Injured cyclist, 15, snubbed by St Albans motorists
PUBLISHED: 08:00 18 June 2009 | UPDATED: 14:11 06 May 2010
A INJURED teenage cyclist was shunned by drivers when he was hurt in an accident involving a car at a busy junction at the weekend. Charlie Haynes, aged 15, was cycling along the Harpenden Road towards St Albans on Saturday afternoon when the incident hap
A INJURED teenage cyclist was shunned by drivers when he was hurt in an accident involving a car at a busy junction at the weekend.
Charlie Haynes, aged 15, was cycling along the Harpenden Road towards St Albans on Saturday afternoon when the incident happened at the Ancient Briton junction.
His mother, Fiona, said that a dark-coloured car overtook her son at the traffic lights and turned left into Beech Road, cutting up Charlie and forcing him to brake suddenly which sent him flying over the handlebars and into the car.
She said the Sir John Lawes pupil hit his head on the door of the vehicle at such force that his helmet split and he also sustained a broken elbow, an injured hip, and cuts and bruises.
But neither the driver involved nor any other drivers stopped to help the teenager from Lectern Lane, Wheathampstead.
He managed to get out of the road to safety and his two friends, who were cycling behind him without helmets, came to his aid.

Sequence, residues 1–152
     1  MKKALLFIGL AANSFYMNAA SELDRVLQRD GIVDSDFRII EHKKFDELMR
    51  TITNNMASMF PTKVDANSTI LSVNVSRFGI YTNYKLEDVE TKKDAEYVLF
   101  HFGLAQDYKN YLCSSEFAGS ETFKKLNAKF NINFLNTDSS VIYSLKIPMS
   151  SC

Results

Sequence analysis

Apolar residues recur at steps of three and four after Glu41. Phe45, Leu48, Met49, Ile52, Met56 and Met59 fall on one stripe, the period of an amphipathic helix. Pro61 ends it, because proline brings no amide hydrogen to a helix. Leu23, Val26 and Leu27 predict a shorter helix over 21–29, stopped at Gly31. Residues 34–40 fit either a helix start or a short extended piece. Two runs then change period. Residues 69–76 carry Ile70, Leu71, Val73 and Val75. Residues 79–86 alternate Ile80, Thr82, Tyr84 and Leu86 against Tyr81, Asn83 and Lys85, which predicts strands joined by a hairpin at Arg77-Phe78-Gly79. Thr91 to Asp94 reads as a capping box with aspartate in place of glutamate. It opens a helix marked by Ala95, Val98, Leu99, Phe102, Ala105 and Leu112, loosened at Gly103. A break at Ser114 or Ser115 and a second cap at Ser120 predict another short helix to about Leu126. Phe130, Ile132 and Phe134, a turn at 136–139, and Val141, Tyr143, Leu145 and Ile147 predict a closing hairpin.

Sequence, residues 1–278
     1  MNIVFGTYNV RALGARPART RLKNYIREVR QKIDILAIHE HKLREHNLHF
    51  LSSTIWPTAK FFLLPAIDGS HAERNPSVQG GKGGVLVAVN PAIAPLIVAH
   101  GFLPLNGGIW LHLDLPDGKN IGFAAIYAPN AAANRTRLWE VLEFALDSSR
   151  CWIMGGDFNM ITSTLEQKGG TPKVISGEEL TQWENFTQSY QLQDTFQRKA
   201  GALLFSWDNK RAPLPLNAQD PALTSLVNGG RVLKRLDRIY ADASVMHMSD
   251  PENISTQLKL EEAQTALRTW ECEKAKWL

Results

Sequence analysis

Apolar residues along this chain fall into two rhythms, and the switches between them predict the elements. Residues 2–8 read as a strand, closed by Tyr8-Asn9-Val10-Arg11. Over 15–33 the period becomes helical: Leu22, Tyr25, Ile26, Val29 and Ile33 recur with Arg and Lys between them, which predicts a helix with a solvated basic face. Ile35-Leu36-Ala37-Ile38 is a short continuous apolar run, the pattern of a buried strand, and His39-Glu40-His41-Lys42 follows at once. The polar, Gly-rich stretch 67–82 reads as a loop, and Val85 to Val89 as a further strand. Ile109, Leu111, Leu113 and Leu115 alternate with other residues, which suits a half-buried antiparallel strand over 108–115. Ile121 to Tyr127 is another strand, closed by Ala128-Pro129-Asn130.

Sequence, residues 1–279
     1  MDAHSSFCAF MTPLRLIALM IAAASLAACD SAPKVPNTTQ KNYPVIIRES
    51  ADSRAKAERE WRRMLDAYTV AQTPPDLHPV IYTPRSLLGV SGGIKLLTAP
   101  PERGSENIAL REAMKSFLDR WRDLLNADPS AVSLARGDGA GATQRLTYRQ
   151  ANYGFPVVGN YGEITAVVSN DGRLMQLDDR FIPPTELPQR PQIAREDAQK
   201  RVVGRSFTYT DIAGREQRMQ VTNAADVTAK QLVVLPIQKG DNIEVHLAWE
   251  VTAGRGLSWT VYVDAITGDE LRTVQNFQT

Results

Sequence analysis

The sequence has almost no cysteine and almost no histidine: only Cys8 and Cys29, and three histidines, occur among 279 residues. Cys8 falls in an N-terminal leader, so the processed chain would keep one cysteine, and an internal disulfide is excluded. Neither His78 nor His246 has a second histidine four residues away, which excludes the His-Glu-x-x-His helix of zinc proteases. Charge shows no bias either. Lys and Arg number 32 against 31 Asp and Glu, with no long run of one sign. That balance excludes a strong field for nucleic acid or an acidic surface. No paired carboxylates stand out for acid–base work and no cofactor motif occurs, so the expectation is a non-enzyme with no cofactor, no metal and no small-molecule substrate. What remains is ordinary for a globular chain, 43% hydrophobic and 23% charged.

Charlie, who is the chairman of Harpenden Youth Council, didn't think his injuries warranted calling an ambulance and tried to find a doctors' surgery instead but he ended up walking all the way to Boots in St Peters Street.
A conscientious member of staff in the store saw the teenager covered in blood and rushed him to the minor injuries unit at St Albans City Hospital.
Mrs Haynes was then called and she took him to the QEII Hospital for further treatment.
She said this week that Charlie has been left mentally and physically traumatised by the incident in a week in which he has had to sit his GCSE exams.
Mrs Haynes was told things could have been far worse. She said: "The hospital said that if he hadn't been wearing his helmet there could have been very different outcome. They also said he could have had internal bleeding where his hip was injured - he was so lucky."
Mrs Haynes is extremely upset that nobody stopped to help her son. "I just think it's a really sad world we live in," she said.
"There is no way that the driver couldn't have seen him because his head hit the car door."
She continued: "Because the person didn't stop, Charlie didn't get an ambulance called for him and the police weren't called, so it was two hours before he got any treatment."
She added: "Drivers need to be aware of cyclists, particularly as its coming up to the summer holidays. People need to take that extra glance."
Mrs Haynes is also angry that in a separate incident after the accident, a man tried to steal Charlie's bike from his friends as they walked to meet him at the hospital.
But she hopes that one good thing to emerge from the whole day is that the accident has highlighted to all of Charlie's friends the importance of wearing cycling helmets.
Police are investigating the incident, which happened at around 2.30pm, and are appealing for witnesses so that they can establish the circumstances.
PC Nigel Wakerley, investigating the incident, commented: "We are yet to speak with the driver involved in this incident and I would appeal for them to get in touch to help us establish exactly what happened."
He asked anyone with information to contact him on 0845 33 00 222.
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